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St. Charles Health ‘encouraged’ by Medicare Advantage negotiations

The system says it’s listening to community concerns over care for 26,000 people in Central Oregon
The health system in Central Oregon said earlier this month it was cutting ties with Medicare Advantage plans. Now those plans appear to be on hold. | COURTESY OF ST. CHARLES HEALTH SYSTEM
August 31, 2023

Earlier this month when news broke that St. Charles Health was exploring cutting ties with Medicare Advantage plans that serve about 26,000 people in Central Oregon, it sounded like a done deal.

But now, though no decisions are final, the health system is for the first time reporting some encouraging signs in its negotiations with insurers.

The note of cautious optimism represents a striking change from previous St. Charles statements about the situation. The prospect of the system pulling out of Medicare Advantage has sparked alarm among providers and advocates who said such a move would cause new costs and other significant challenges for a group of highly vulnerable patients ill-prepared to cope with them: seniors on fixed incomes.

In a statement released in response to questions from The Lund Report, system officials said they are “listening.”

“We would like to reassure our patients that St. Charles leaders are listening to their concerns and are actively negotiating with several insurance providers to address ongoing, underlying issues with Medicare Advantage plans,” said the statement issued by a system spokesperson.

“We are encouraged that some of these insurance companies have indicated they are willing to work with us to find creative and sustainable solutions to complex issues and it remains our hope that we will be able to reach agreements in our current contract negotiations.”

The statement represents a rare glimpse at a normally secret process, the private negotiations between hospitals and insurers over plans and reimbursement rates. The St. Charles’ statement did not specify which insurers it referred to, but the largest one in the region is PacificSource, which covers about 15,000 Central Oregonians in Medicare Advantage.

Open enrollment for Medicare starts Oct. 15 and ends Dec. 7, leaving limited time for the system’s negotiations to bear fruit. 

Dueling concerns

In an earlier interview, executives for the health system told The Lund Report that Medicare Advantage plans were too often obstructing appropriate care for patients with excessive paperwork, denials and delay. 

“These plans are great as long as patients don’t need them for health care,” Mark Hallett, the system’s chief clinical officer, had said.

But if St. Charles pulls out of the plans it serves, seniors could be forced to shift coverage to traditional Medicare to ensure access to needed care. And for some patients, changing plans could restrict benefits and add significant costs, senior advocates told The Lund Report.

In Central Oregon, “we have several Medicare Advantage plans that do offer pretty good plans for no monthly premiums, so people have been pretty happy with them,” said Kathleen Harrington, a volunteer Medicare counselor who works with the Council on Aging of Central Oregon and the state Senior Health Insurance Benefits Assistance program, known as SHIBA.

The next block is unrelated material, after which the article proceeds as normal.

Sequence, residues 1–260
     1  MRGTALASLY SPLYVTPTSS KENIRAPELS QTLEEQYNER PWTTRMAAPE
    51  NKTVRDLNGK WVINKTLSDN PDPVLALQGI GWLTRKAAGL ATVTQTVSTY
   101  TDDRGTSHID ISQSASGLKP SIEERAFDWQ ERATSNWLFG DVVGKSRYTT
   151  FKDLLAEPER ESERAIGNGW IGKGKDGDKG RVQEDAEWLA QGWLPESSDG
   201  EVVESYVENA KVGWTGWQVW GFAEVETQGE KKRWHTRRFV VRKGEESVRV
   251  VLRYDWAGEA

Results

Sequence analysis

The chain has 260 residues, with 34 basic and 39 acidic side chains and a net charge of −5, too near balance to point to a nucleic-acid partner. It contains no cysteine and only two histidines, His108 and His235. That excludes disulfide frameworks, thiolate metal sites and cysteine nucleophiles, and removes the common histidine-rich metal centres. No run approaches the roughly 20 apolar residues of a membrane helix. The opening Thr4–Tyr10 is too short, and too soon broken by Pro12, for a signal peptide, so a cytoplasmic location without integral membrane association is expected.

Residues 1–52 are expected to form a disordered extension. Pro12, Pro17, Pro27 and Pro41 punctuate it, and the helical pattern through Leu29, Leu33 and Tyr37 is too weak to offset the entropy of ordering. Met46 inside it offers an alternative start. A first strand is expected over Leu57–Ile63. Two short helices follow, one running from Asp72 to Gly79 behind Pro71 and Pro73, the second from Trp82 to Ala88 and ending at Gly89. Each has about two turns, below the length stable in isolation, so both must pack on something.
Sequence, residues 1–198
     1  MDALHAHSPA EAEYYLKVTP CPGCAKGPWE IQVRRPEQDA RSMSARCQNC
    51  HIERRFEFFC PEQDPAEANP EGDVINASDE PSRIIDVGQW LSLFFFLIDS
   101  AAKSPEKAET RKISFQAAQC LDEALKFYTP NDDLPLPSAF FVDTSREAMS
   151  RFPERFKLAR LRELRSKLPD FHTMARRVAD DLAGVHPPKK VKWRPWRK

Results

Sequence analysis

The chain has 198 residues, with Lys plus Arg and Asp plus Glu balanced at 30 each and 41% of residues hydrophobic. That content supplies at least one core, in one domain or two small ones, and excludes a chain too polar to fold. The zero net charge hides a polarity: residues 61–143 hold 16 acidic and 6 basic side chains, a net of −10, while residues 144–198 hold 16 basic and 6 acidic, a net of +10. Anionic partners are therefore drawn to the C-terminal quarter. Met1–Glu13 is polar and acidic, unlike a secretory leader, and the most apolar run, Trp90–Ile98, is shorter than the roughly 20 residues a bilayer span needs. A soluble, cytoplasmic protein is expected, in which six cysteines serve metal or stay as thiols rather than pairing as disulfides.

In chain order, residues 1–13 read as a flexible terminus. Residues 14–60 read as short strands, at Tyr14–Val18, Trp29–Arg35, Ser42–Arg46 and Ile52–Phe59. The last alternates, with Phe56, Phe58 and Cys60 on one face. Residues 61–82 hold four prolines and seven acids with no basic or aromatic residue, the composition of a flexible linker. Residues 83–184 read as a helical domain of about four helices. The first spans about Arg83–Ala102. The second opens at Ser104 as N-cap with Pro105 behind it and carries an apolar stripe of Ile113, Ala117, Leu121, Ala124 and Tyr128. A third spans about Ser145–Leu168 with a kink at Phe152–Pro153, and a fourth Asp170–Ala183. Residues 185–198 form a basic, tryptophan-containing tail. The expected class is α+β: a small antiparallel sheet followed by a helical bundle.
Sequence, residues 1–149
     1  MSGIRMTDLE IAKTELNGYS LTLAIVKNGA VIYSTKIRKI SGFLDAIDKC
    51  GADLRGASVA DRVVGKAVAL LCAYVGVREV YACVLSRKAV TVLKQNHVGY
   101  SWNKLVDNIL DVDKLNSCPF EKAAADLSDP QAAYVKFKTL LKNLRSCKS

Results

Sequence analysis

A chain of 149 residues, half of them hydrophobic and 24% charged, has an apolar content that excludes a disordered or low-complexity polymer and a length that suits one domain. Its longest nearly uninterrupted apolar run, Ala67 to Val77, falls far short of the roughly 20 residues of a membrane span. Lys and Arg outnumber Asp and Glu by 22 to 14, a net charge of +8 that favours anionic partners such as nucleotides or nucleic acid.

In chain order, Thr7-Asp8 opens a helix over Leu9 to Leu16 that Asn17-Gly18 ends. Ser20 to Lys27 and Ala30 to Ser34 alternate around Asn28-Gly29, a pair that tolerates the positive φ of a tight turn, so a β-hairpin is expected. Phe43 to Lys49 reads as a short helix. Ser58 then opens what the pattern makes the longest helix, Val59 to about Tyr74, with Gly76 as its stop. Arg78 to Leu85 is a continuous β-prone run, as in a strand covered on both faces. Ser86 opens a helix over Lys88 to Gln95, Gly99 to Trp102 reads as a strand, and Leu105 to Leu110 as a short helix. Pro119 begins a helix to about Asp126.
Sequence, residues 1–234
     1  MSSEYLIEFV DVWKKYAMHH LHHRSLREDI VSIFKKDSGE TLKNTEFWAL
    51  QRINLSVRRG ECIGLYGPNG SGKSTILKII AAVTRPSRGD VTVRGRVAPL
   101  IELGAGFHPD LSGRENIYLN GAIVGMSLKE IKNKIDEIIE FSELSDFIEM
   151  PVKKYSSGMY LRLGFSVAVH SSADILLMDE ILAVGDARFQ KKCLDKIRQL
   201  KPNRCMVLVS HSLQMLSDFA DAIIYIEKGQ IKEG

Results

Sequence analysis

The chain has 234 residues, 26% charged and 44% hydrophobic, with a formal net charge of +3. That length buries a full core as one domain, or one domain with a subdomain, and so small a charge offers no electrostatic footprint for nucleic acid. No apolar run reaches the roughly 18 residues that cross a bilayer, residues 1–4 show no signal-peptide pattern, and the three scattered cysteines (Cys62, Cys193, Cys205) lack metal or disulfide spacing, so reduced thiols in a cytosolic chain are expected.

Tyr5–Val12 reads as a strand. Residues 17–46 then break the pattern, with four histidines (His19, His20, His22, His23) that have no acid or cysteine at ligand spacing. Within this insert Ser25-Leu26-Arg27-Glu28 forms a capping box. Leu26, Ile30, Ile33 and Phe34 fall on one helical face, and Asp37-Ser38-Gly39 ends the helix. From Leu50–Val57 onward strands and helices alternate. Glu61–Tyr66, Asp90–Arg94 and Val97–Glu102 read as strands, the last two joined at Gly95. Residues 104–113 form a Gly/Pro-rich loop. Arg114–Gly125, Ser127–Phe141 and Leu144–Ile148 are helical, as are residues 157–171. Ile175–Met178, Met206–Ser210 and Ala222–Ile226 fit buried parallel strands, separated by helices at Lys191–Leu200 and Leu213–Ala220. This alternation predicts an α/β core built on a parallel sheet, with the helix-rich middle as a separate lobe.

Medicare Advantage plans are available through private insurers, but traditional Medicare offered through the federal government can come with higher out-of-pocket payments. It covers only 80% of costs, requiring the patient to pay the rest, and  “20% of a big bill can be a big bill,” Harrington said.

Medigap plans can cover the cost, but some patients face barriers to buying them, and sorting through the options is not easy.

“If in fact the contract negotiations don’t go well between the carriers and the hospital, it’s going to cause significant disruption” for people, Harrington said, adding that many seniors won’t understand the changes. “It’s going to be extremely difficult for people, so hopefully, it’ll work out. But we don’t know.” 

Central Oregon situation highlights national questions

St. Charles is just one of several health systems across the country that have sought to pull out of Medicare Advantage, though some have stopped short after negotiating better contracts. In recent years, the Advantage plans have faced increasing scrutiny over fraud, deceptive marketing and other issues. 

Last year, the federal Centers for Medicare & Medicaid Services reported that complaints more than doubled in 2021 for seniors enrolled in Medicare Advantage Plans.

Carisa Dickson, a program specialist for the Multnomah County Department of Aging, Disability and Veterans Services — also part of the SHIBA program — said that for her, the situation just shows the need for leaders in Washington, D.C., to expand traditional Medicare benefits for seniors.

Unlike Medicare Advantage, the traditional program gives patients lots of choice in providers and doesn’t place limitations on care.

But it lacks some of the benefits like vision, dental and transportation used to sell Medicare Advantage plans — benefits that often turn out to be “very limited,” she said.

The situation in Central Oregon and elsewhere “highlights the fact that there is a need for original Medicare to expand and offer more,” Dickson said. “Dental health is a serious gap in Medicare coverage.”

You can reach Nick Budnick at [email protected] or at @NickBudnick on Twitter.